A new era in physical climate risk reporting?
By Georgina Woods, Head of Impact, The Climate Risk Group.
Wednesday, 29 June 2023
The much anticipated release last week of the final climate-related disclosure standard from the International Sustainability Standards Board (ISSB) marks the beginning of a new chapter in corporate disclosure of climate change risk.
It is hoped that adoption of consistent global standards will lead to more comprehensive and more comparable disclosures, particularly in the area of physical risk.
The International Financial Reporting Standards (IFRS) Foundation established the ISSB in 2021 and began work on developing international standards for climate change and sustainability reporting. The IFRS are a set of accounting rules for the financial statements of public companies intended to make them consistent, transparent, and easily comparable around the world. Relevant authorities in 161 countries have made public commitments to IFRS Accounting Standards as the single set of global accounting standards (you can check the status of your country’s commitment to IFRS reporting standards here.) As a result, many jurisdictions are expected to adopt the ISSB standards. Others, such as the UK and EU, have already adopted climate risk reporting standards, and sustainability taxonomies, and these instruments are forthcoming globally.
The ISSB’s climate-related standard builds on the TCFD guidelines of 2017 and provides more detailed guidance and examples concerning physical risk disclosure than the TCFD.
At its core, the ISSB requires companies to disclose significant climate risk as a whole:
An entity shall disclose information that enables users of general purpose financial reporting to understand the significant climate-related risks and opportunities that could reasonably be expected to affect the entity’s business model, strategy and cash flows, its access to finance and its cost of capital, over the short, medium or long term.
Objectively, this should be sufficient to ensure consideration and disclosure of physical risk, given its universality, severity and duration. However, a review of the review of climate-related risk reports by a sample of 180 financial institutions for the UNEP-FI’s Physically Fit report found that nearly half (48%) of the disclosure reports did not provide any review of physical risks at all. Those that did, were selective in their approach, reviewing a small sample of hazards in limited sectors.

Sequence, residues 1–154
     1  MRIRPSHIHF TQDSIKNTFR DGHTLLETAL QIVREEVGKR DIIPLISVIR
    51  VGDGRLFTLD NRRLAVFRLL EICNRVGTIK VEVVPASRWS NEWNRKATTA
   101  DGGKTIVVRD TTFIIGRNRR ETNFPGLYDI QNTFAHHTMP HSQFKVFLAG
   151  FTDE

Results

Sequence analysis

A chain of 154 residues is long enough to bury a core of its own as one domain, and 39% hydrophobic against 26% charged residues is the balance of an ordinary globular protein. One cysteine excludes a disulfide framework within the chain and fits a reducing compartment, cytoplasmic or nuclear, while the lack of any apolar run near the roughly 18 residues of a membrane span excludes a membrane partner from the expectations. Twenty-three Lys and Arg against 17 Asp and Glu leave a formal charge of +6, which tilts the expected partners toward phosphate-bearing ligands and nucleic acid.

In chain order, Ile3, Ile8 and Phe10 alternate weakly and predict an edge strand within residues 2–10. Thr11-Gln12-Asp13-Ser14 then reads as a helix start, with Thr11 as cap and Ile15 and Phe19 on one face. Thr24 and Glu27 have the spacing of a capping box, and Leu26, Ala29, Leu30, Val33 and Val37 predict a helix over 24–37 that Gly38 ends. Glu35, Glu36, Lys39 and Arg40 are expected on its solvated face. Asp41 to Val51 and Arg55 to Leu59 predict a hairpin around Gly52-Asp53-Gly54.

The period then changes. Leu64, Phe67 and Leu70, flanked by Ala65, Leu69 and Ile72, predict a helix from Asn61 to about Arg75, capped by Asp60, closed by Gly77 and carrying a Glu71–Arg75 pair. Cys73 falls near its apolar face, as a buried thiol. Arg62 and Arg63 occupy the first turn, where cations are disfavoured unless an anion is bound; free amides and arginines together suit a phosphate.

The ISSB draft however followed TCFD in not specifying that both transition and physical risks needed to be addressed in each element of the disclosure framework. This might reduce its effectiveness in closing the “disclosure gap” between transition risk and physical risk reporting.
Compared to transition risk, physical risk reporting by financial institutions and companies is “still in their infancy” (UNEP-FI 2022). It has had less attention, is less commonly disclosed and disclosures that are made are less consistent, less quantitative and less decision-useful than transition risk disclosure.
A background paper prepared for the ISSB Board in July 2022 meeting identified “an entity’s exposure to and management of physical climate risk,” as an area that may need to be “refined or supplemented in the future” because disclosure of this aspect of climate risk “has generally been less informative to investors than reporting on transition risk.”
As we have observed before, adequate assessment and disclosure of physical risk is necessary for corporate leaders, lenders and investors to avoid being caught unawares by asset impairment, escalating insurance premiums, lost productivity and disrupted supply chains. If physical risk is priced into financial markets before these disruptions worsen, it will have the added benefit of balancing the ledger with transition risk, making the case for rapid decarbonisation and resilience investment.
In any case, climate change is escalating and momentum towards mandatory climate risk reporting is building: the time to come to grips with your physical risk is now.
 ISSB July 2022. Staff Paper: Agenda item 1a.
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